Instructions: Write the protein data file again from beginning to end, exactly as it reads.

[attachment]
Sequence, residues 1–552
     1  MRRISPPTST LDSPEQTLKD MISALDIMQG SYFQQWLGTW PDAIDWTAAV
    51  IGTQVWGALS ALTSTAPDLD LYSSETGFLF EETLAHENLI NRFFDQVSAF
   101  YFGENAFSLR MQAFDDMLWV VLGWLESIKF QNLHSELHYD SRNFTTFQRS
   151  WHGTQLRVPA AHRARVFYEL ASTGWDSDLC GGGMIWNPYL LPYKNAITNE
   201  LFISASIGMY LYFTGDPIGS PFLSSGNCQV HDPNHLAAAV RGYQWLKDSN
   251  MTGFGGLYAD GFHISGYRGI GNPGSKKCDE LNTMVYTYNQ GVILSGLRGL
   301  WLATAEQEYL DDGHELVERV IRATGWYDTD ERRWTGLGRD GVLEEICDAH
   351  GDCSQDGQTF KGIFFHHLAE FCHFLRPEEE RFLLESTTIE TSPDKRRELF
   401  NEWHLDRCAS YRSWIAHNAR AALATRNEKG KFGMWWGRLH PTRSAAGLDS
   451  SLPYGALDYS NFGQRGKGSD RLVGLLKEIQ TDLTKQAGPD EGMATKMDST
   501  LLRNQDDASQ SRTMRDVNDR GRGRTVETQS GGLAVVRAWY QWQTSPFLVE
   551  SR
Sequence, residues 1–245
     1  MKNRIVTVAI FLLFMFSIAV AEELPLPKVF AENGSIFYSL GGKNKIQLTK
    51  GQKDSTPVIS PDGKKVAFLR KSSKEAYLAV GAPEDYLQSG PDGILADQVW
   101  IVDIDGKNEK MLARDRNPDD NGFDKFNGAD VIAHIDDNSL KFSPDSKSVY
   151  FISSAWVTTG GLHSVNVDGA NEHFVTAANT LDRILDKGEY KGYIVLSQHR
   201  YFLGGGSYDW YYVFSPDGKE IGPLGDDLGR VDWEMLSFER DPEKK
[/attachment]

Sequence, residues 1–552
     1  MRRISPPTST LDSPEQTLKD MISALDIMQG SYFQQWLGTW PDAIDWTAAV
    51  IGTQVWGALS ALTSTAPDLD LYSSETGFLF EETLAHENLI NRFFDQVSAF
   101  YFGENAFSLR MQAFDDMLWV VLGWLESIKF QNLHSELHYD SRNFTTFQRS
   151  WHGTQLRVPA AHRARVFYEL ASTGWDSDLC GGGMIWNPYL LPYKNAITNE
   201  LFISASIGMY LYFTGDPIGS PFLSSGNCQV HDPNHLAAAV RGYQWLKDSN
   251  MTGFGGLYAD GFHISGYRGI GNPGSKKCDE LNTMVYTYNQ GVILSGLRGL
   301  WLATAEQEYL DDGHELVERV IRATGWYDTD ERRWTGLGRD GVLEEICDAH
   351  GDCSQDGQTF KGIFFHHLAE FCHFLRPEEE RFLLESTTIE TSPDKRRELF
   401  NEWHLDRCAS YRSWIAHNAR AALATRNEKG KFGMWWGRLH PTRSAAGLDS
   451  SLPYGALDYS NFGQRGKGSD RLVGLLKEIQ TDLTKQAGPD EGMATKMDST
   501  LLRNQDDASQ SRTMRDVNDR GRGRTVETQS GGLAVVRAWY QWQTSPFLVE
   551  SR
Sequence, residues 1–245
     1  MKNRIVTVAI FLLFMFSIAV AEELPLPKVF AENGSIFYSL GGKNKIQLTK
    51  GQKDSTPVIS PDGKKVAFLR KSSKEAYLAV GAPEDYLQSG PDGILADQVW
   101  IVDIDGKNEK MLARDRNPDD NGFDKFNGAD VIAHIDDNSL KFSPDSKSVY
   151  FISSAWVTTG GLHSVNVDGA NEHFVTAANT LDRILDKGEY KGYIVLSQHR
   201  YFLGGGSYDW YYVFSPDGKE IGPLGDDLGR VDWEMLSFER DPEKK